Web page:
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I need to get the actual character encoding on an HTTP requests.

I can use HttpServletRequest.getCharacterEncoding(), but this returns null when the encoding is not specified in the request. I can assume it to be ISO-8859-1 then, according to the FAQ and the HTTP specification.

Still I'd rather call a method which simply tells me what it is, rather than assuming things based on a spec. Is there such a method?

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When somebody is sending a request then it is his/her responsibility to set the right encoding for their request and if s/he doesn't then it should be safely treated as garbage. Speculating about the request encoding on the server side is not a wise thing to do as this would lead to unintended issues later. It is better to fail a request than to assume things on your own. Also, fail the request as early as possible as unnecessary processing will consume resources and may prove a potential exploit if not guarded well.

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Whether it's safe or not, Tomcat handles the request (to get POST parameters as strings). To do that, it needs to use an encoding. I simply want to know which one that is. – Bart van Heukelom Aug 22 '12 at 13:50

If the encoding isn't specified in the http packet, then this function will have trouble, its copped a lot of criticism for a while.

Apparently calling it early on in your doPost method is more useful, but i don't bother, I go straight for Spring's CharacterEncodingFilter:


Its a bit more work but it makes life easier in the long run.

There is no simple method to check this. But once you get the body of the request, you could try creating a string out of it and catch encoding exception to determine the encoding. But I don't think this is elegant.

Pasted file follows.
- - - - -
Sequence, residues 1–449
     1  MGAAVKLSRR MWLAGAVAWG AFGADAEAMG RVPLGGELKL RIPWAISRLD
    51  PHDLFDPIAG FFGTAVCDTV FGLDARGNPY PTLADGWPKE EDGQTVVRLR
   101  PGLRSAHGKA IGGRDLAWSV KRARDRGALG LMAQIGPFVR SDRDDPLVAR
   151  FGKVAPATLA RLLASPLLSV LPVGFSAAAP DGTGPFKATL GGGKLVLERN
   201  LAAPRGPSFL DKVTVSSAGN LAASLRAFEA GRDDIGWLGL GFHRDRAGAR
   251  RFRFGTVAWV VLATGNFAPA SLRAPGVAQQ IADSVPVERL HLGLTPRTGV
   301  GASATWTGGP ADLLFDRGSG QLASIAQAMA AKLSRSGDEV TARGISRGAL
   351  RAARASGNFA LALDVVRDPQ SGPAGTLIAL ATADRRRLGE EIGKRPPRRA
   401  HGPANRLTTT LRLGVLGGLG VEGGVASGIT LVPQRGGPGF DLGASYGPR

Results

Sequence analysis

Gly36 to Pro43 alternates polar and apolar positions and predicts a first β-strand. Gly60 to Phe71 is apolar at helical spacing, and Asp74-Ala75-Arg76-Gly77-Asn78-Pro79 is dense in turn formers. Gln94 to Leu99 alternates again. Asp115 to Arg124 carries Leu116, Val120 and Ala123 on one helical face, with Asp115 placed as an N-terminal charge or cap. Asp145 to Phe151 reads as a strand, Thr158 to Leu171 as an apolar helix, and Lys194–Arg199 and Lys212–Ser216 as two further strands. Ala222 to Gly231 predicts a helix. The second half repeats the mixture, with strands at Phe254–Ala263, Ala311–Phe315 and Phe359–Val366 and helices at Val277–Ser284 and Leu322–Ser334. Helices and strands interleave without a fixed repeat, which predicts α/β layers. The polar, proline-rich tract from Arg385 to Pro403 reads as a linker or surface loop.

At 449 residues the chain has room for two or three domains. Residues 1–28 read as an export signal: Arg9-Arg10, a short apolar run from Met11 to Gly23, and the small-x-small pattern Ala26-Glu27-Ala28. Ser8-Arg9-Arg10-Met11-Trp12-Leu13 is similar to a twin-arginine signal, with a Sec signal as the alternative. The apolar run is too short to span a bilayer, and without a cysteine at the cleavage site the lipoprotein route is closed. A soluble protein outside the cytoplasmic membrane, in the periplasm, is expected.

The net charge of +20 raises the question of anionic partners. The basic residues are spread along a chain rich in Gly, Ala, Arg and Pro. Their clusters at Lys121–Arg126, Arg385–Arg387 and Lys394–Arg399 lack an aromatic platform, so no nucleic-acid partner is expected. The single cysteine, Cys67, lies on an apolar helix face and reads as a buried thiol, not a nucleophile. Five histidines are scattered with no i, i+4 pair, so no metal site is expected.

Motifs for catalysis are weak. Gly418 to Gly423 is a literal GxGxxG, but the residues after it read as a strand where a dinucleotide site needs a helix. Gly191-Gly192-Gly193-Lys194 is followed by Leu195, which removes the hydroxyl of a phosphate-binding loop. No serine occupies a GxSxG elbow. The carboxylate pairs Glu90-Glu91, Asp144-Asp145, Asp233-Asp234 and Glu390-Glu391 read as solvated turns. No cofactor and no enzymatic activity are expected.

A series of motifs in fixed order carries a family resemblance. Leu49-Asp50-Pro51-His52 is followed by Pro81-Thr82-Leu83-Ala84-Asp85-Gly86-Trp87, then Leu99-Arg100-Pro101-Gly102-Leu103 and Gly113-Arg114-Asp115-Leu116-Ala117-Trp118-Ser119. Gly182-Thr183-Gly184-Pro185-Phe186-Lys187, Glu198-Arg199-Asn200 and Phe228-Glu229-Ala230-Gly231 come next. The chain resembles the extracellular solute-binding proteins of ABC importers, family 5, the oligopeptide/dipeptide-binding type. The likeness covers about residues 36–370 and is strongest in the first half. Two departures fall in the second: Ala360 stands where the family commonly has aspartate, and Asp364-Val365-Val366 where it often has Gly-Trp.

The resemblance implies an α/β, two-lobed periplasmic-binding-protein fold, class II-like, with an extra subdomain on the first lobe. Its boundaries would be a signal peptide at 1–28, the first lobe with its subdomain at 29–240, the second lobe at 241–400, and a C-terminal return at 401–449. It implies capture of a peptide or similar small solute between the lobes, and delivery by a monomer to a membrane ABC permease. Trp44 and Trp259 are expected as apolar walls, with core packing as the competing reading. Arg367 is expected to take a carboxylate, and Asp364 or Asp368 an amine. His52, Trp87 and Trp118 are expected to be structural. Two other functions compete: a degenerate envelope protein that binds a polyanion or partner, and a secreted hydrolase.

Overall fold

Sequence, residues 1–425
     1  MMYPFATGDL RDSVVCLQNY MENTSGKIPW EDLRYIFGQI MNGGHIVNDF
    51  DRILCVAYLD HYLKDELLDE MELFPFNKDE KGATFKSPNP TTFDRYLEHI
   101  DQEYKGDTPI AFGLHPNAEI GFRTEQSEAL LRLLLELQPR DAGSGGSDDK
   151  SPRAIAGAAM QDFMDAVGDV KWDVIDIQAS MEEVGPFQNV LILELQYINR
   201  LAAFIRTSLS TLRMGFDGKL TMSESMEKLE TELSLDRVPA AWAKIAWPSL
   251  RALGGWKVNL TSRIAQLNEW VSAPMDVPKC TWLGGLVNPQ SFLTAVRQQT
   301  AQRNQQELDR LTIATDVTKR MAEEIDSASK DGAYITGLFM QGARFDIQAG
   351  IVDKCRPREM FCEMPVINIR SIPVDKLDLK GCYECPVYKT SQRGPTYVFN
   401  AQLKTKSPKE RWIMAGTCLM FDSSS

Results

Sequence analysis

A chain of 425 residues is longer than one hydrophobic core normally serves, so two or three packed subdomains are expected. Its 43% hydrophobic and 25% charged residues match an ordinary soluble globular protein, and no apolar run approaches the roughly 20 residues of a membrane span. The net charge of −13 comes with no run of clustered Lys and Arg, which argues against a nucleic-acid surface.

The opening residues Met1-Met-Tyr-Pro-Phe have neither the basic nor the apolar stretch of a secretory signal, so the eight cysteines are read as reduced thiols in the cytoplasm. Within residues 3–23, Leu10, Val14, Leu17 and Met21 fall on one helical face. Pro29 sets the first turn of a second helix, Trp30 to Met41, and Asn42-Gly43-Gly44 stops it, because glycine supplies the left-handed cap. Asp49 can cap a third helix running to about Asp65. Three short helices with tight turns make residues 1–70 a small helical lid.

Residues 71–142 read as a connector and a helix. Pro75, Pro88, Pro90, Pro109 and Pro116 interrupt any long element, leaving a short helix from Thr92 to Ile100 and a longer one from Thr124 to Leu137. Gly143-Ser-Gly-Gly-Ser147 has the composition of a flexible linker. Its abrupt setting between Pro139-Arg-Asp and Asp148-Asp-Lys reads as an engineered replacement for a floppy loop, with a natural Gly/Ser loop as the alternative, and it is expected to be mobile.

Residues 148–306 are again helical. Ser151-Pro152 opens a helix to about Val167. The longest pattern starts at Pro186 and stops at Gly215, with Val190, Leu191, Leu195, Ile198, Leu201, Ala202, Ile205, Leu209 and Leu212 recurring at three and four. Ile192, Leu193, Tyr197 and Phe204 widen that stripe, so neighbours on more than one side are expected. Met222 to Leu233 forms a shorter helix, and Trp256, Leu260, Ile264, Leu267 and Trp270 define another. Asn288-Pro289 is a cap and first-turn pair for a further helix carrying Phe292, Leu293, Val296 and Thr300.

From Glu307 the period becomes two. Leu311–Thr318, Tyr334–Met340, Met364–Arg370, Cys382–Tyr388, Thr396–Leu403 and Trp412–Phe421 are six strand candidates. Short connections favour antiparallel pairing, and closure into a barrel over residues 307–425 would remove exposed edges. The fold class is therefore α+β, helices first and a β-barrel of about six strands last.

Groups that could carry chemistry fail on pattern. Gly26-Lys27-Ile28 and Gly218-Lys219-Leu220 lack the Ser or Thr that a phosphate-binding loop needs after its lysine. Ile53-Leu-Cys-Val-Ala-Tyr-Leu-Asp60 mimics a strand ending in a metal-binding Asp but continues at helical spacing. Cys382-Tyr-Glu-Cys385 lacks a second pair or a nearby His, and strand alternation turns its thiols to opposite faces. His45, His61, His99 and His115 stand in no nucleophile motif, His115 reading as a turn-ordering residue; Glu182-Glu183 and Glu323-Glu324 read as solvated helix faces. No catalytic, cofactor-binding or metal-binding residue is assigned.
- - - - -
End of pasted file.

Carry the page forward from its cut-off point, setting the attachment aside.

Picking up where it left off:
Here is another good article on checking the validity of requests before processing:


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What kind of trouble does getCharacterEncoding() have, other than the mentioned returning of null? – Bart van Heukelom Aug 22 '12 at 11:59
None, just that is always returns null. – FaddishWorm Aug 22 '12 at 12:00
Even if the encoding is specified in the Content-Type header? – Bart van Heukelom Aug 22 '12 at 12:14

There's no way to get it if it's not present in the request header.

It's however the same encoding as you have used in the response of the HTML page which presents the POST form. Normally, such a HTML page is served by a JSP for which the default response encoding is indeed ISO-8859-1, but is overrideable by

<%@page pageEncoding="UTF-8"%>

This will set the Content-Type: text/html;charset=UTF-8 response header which in turn will instruct the webbrowser to encode any submitted form data using the very same charset. To properly process the POST request body using this encoding, you should be explicitly calling


beforehand when getCharacterEncoding() returns null.

See also:

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Useful information, but unfortunately in my specific case I have no control over the encoding of the form. This is because there is no form; I'm dealing with a PayPal IPN request. – Bart van Heukelom Aug 23 '12 at 14:52
@Bart: You should have mentioned that in the beginning... Paypal IPN uses Windows CP1252 encoding (a terrible choice, I know), so request.setCharacterEncoding("CP1252") should do. – BalusC Aug 23 '12 at 14:55
I figured that out, but I was looking for a generic way to always get the encoding right. – Bart van Heukelom Aug 27 '12 at 9:17
That's answered in the 1st paragraph of my answer. There exist several "character encoding detectors" but they are far from 100% reliable. – BalusC Aug 27 '12 at 10:51

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